How to Spot a Bad Boss Before You Start a New Job

August 12, 2014

If you’ve been in the workforce long enough, you know the feeling of having a bad boss. You stay up late, refusing to surrender to sleep because it means going to work the next day. You wake up dreading going to work, hitting the snooze button multiple times before dragging yourself out of bed. You feel an uncomfortable sense of almost magnetic repulsion as you approach your office door. At work, you’re on edge, and can’t shake the sense of imminent catastrophe. Everyone is walking around on eggshells. Weekends become a refuge where put your mind as far away from work as possible and you shudder at the thought of Monday.

Bad bosses are terrible for your career. They’re terrible for companies. They’re terrible for the economy and, in a wider sense, they’re terrible for society. We’ve all encountered bosses who project their own insecurities onto other people by carving out small fiefdoms and ruling them with an iron fist. These bosses are hypocritical in what they demand of their employees verses what they themselves accomplish. They issue orders instead of leading. They micromanage. And they refuse to take accountability.

When you start a new role, it sometimes takes weeks or more before realizing you’re stuck with a bad boss. But is it possible to spot a bad boss before you start a new job? Are there any signs in an interview that can tip you off that you should run in the other direction?

Here are 5 questions you should ask yourself during an interview to help determine whether you’ve got a good or bad boss on your hands:

1. How do the other employees seem when you come in for the interview?

When you go into a new office, observe the body language of other employees in the workspace. If they avoid eye contact, or seem sullen or disengaged, dissatisfaction with the supervisor might be the culprit. If it’s for a more senior-level role, does the hiring manager let you interview with peers? A good boss will be conscientious of building a thriving ecosystem, and he or she will want buy-in from other members of the team before adding to it. A boss who’s overly controlling will isolate the members of the team they supervise. So pay attention to interactions with current employees, or lack thereof.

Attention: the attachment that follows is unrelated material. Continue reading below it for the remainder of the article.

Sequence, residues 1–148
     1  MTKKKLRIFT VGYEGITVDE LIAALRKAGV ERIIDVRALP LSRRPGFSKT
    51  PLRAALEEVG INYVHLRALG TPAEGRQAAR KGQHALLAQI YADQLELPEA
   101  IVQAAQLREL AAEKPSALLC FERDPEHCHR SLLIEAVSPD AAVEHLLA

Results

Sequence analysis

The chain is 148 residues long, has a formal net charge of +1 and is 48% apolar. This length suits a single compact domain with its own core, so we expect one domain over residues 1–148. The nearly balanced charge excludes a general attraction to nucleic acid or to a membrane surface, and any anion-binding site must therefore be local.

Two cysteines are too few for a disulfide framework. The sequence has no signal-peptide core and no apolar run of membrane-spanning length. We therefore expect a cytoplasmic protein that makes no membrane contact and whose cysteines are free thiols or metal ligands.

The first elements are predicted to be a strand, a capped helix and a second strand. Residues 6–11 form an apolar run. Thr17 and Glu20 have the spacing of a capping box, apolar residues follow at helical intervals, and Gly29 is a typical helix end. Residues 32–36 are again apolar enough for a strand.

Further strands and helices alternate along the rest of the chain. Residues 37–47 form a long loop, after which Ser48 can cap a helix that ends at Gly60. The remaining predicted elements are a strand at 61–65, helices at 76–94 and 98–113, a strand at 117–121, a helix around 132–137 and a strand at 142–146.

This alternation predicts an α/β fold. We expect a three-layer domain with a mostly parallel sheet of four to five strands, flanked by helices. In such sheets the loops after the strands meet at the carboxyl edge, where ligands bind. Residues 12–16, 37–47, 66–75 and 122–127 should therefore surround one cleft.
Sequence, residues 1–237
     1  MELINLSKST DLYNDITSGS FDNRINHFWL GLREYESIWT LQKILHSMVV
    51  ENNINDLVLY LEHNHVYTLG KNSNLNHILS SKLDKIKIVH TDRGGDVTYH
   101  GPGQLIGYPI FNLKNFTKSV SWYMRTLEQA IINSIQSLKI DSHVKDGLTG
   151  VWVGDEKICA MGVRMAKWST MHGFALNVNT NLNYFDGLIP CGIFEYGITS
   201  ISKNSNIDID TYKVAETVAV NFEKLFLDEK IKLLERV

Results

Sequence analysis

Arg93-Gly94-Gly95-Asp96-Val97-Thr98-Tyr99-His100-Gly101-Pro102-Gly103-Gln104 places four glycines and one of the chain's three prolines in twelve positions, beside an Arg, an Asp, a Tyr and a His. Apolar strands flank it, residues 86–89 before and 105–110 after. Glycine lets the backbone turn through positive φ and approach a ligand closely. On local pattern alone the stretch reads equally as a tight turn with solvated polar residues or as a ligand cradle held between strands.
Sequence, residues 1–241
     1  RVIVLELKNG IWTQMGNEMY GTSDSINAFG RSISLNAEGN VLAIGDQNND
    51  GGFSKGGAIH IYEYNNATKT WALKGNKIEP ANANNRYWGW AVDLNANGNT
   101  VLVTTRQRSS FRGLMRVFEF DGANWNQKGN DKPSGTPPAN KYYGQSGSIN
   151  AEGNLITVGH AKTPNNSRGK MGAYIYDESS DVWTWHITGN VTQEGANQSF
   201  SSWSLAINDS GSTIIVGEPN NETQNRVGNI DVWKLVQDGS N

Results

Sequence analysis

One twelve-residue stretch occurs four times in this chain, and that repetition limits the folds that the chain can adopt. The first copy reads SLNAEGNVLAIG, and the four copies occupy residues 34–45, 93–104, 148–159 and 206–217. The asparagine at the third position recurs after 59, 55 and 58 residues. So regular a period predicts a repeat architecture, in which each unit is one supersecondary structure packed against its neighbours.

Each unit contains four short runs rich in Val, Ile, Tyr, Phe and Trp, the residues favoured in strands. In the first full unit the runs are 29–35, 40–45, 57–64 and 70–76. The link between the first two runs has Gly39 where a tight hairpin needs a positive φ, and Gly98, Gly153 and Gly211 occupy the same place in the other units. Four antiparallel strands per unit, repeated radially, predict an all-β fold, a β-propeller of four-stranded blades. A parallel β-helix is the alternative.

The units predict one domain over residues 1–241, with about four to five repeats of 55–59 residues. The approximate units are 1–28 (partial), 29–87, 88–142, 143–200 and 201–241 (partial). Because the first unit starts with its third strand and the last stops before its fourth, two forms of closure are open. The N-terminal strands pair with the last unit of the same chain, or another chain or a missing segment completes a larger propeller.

2. Does the supervisor speak overly negatively of previous employees?

Recruiters and career experts often give candidates the piece of advice that you should never speak negatively about a previous role in an interview. It makes sense. You don’t want the employer to think that you’re going to badmouth this job if and/or when you move on. But hiring is a two-way street, and candidates need to be just as mindful of similar behaviour in hiring managers. A boss who speaks overly negatively about previous employees might have unrealistic standards of behaviour, or they might be overly willing to throw their team under the bus for their own failings.

3. Are they distracted in the interview or overly pushy?

You should have a certain tolerance for outside interruptions during an interview, especially if it’s a fast-paced workplace. But an effective leader will be fully engaged during an interview and won’t be consistently taking calls, answering emails, checking their phone or (we’ve heard this one surprisingly often) leaving the room. This type of behaviour shows a lack of focus at best, and a tactic to seem important at worst. Likewise, does the interviewer let you speak without interruption, and do you feel like you’re being heard? These are questions you should ask yourself as the interview progresses.

4. Have you looked up the company culture online?

When you’re interviewing, it’s important to look at a new opportunity the same way you would look at a major purchase. There’s a huge wealth of information online. So you want to do your homework. Not just in terms of understanding a company and its culture so that you can nail the interview, but also so that you can determine whether it’s going to be a rewarding place to work. You can use sites like which provide employee feedback about various companies. You can also check out the role on LinkedIn. Run a search for the job and evaluate whether there’s been lots of turnover. Are there tons of people with the same role who were there only for a short while? That could be an indicator of a bad boss.

5. Have you asked them what kind of boss they are?

Sometimes, instead of trying to ascertain a boss’s method of leadership indirectly, it’s helpful to just come out and ask a prospective supervisor about their leadership style to see if it jives with the way you like to work.

It’s certainly the case that not everyone is in a position to pick and choose who they want to work for. But a bad boss can be such a drag on your career that it’s worth considering these questions before you go in for a role.

Do you have any stories of being tipped off about a potentially bad boss? Please share in the comments and pass this article on to your network!



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